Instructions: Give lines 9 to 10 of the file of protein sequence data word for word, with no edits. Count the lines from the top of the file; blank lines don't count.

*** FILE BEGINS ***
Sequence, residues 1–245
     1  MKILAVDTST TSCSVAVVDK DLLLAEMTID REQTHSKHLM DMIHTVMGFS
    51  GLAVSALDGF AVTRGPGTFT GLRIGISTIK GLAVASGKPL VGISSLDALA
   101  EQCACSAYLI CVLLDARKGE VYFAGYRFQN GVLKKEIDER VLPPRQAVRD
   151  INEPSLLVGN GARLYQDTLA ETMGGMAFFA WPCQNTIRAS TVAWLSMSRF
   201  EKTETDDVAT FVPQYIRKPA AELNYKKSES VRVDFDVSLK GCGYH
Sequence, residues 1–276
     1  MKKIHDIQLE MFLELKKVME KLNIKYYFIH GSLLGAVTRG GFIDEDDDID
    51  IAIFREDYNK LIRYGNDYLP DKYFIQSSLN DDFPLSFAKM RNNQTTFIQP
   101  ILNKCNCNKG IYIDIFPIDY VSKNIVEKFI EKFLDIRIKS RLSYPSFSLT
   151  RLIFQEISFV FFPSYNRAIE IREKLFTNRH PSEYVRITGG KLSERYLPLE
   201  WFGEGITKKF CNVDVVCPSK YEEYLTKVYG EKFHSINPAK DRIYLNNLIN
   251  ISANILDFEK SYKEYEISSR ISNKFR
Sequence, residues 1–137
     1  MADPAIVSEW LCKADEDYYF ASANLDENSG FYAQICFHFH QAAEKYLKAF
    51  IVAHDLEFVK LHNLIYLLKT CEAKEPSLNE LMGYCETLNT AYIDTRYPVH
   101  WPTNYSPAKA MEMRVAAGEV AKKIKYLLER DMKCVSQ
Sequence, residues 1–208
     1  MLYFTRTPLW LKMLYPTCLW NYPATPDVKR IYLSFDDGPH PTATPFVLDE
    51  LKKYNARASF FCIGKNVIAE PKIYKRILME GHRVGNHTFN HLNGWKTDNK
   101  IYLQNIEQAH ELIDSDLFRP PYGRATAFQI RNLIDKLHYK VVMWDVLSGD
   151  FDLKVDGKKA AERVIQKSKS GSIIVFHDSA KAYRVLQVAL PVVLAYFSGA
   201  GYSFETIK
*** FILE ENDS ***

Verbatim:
    51  IAIFREDYNK LIRYGNDYLP DKYFIQSSLN DDFPLSFAKM RNNQTTFIQP
   101  ILNKCNCNKG IYIDIFPIDY VSKNIVEKFI EKFLDIRIKS RLSYPSFSLT